Oregon’s Measure 110, which decriminalized drug use and ramped up harm reduction, took effect in 2021 at the peak of the COVID-19 pandemic. After barely giving it a chance to have any effect, lawmakers got cold feet and decided to return to the tried – and failed – approach that has made the war on drugs America’s longest and most disastrous war.
Lawmakers think they can stem the flow of illicit fentanyl and its analogs into our country by seizing the assets of organizations trafficking the drug and its precursors. If that approach worked, organized crime would be a relic of the past. What they don’t understand is that even worse, that approach may make the nitazene crisis arrive ahead of schedule.
Prohibition of drugs simply doesn't work. Clamping down on Percocet and Vicodin resulted in a surge in heroin use. Fentanyl took care of that market and now even worse drugs called nitazenes are being found in fentanyl samples. Dr. Jeff Singer and I discuss this latest development in USA Today
From 1839 to 1842, the British attacked China over the Chinese government's decision to ban opium. The French joined the fray between 1856 and 1860. The military superiority of the Western powers resulted in the legalization of opium in China. Karma – in the form of China's payback to the Western powers – is a bitch.
The recent meeting between President Biden and China's President Xi Jinping delved into the U.S. fentanyl crisis, centering on the export of fentanyl chemical precursors from China to Mexico, where they are converted into fentanyl. However, there is an inherent challenge in restricting precursor chemicals. A minimally trained organic chemist can either make them or simply use a different, unrestricted chemical. Thus, any international agreement designed to minimize fentanyl by restricting precursors is likely to fail, defeated by organic chemistry.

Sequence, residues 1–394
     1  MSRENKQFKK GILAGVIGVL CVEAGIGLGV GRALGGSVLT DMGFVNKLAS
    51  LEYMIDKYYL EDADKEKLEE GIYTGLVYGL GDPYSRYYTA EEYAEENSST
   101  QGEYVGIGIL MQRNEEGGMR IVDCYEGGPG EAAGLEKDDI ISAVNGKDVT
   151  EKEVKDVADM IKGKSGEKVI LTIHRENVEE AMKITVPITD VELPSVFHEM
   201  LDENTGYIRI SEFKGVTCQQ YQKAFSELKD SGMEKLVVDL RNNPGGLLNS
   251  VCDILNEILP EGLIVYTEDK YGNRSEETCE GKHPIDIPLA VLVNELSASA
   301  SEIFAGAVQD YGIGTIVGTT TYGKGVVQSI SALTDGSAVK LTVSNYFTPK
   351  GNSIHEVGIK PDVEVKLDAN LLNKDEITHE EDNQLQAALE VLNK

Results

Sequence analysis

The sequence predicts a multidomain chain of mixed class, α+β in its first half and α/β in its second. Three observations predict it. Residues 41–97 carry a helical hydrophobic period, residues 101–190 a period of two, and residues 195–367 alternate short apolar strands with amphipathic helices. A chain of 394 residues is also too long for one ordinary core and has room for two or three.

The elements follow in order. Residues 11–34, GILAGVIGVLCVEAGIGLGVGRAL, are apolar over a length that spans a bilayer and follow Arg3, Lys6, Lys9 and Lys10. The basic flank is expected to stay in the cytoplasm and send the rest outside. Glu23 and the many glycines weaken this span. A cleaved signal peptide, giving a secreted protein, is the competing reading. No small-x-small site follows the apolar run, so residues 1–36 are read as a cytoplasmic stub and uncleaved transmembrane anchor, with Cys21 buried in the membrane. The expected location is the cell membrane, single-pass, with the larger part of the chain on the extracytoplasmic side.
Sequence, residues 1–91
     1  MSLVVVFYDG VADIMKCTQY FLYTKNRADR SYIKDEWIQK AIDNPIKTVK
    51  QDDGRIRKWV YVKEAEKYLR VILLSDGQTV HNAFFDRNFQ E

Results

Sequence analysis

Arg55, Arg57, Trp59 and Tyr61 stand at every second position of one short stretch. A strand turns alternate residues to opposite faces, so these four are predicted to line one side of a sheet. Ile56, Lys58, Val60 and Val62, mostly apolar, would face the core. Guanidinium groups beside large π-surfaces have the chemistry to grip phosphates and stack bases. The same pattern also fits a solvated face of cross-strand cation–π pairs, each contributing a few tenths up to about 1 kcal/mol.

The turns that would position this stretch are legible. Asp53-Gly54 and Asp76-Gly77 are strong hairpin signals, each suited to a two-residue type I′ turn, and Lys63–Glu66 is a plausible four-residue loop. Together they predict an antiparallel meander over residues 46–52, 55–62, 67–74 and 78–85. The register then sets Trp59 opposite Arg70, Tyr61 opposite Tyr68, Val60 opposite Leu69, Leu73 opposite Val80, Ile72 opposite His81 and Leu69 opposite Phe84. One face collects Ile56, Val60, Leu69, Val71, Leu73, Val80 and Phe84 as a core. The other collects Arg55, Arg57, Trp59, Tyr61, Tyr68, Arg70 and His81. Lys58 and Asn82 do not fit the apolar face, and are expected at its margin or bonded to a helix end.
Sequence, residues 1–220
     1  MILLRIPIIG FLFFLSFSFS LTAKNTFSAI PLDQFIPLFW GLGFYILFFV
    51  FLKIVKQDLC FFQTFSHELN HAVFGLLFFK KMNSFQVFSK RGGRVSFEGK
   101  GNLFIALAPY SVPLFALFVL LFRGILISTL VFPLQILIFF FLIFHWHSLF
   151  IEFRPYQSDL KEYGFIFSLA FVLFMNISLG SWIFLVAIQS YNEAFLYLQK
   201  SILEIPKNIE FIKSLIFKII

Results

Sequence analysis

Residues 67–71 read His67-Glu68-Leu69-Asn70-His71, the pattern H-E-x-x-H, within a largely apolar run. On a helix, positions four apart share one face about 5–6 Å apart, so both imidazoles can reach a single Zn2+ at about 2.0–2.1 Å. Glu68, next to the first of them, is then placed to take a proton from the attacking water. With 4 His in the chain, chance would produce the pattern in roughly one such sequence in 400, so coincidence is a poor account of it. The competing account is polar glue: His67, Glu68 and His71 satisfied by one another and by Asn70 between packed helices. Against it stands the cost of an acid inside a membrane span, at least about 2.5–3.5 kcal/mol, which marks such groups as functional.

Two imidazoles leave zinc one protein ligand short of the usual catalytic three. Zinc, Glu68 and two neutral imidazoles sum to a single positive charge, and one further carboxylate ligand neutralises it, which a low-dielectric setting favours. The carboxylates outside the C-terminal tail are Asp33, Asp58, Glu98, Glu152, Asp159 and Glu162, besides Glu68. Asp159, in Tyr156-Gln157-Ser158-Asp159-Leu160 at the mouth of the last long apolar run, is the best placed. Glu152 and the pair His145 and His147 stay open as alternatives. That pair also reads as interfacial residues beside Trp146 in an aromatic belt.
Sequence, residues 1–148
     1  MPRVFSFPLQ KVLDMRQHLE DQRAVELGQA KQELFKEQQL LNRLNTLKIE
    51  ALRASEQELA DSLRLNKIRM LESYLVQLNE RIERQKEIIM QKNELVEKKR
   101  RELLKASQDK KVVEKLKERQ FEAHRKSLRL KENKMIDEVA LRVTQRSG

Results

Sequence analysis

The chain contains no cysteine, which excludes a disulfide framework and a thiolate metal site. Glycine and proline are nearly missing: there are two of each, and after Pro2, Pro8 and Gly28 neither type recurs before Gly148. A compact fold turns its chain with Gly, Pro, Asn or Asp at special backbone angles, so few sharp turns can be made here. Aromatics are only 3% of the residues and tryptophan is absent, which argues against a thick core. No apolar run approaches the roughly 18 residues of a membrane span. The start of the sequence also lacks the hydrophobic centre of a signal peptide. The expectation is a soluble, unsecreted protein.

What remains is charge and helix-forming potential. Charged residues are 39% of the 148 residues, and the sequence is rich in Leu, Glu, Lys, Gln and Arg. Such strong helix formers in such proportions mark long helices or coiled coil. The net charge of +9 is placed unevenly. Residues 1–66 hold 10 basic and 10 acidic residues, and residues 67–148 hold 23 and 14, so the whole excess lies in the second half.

It's 1980 and Queen released a huge, timeless hit, "Another One Bites the Dust." Imagine if someone wrote a parody about today's "fake" opioid crisis and put it to music. Wouldn't that be entertaining? Imagine no longer. Here it is.
The opioid crisis is fueled by fentanyl, largely a direct product or precursor manufactured in China. It's a rocket-fuel inversion of the Opium Wars, when Britain smuggled illegal opium into China.
First it was heroin. Next, it was fentanyl-laced heroin. Then it was fentanyl. Now it’s xylazine-laced fentanyl. Will nitazenes be next? Will policymakers ever learn that the Iron Law of Prohibition cannot be repealed?
The insanity of trying to control overdose deaths by banning certain drugs became evident years ago with fentanyl. Yet we now have a new monster on the street called Tranq and some people think that making it illegal will get rid of it. Simple chemistry guarantees that this plan will fail. Here's why.
As fentanyl-related overdose deaths soar to new heights, and with fentanyl found in stimulants, tranquilizers, and other recreational drugs obtained in the black market, it makes sense to let drug users use a simple test that detects fentanyl in products they are about to consume. But cruel and irrational drug paraphernalia laws in 42 states make it illegal for them to do so.
4-ANPP is not a term that most of you know but it's hugely important. It is the chemical that is the precursor to fentanyl. Although 4-ANPP is not an opioid, there is not a single thing anyone would do with it except convert it to fentanyl. And there is plenty of 4-ANPP to be had now the bad guys use synthetic organic chemistry to make it.
People who take oxycodone need to be careful when also taking antifungal drugs or drinking grapefruit juice. Why? Because both the juice and the drug can result in abnormally high, perhaps dangerously so, oxycodone blood levels. The same goes for fentanyl. But people taking morphine or Dilaudid don't have to worry; neither the juice nor the antifungal drug will have a significant effect on the opioid levels. Believe it or not, this all makes sense.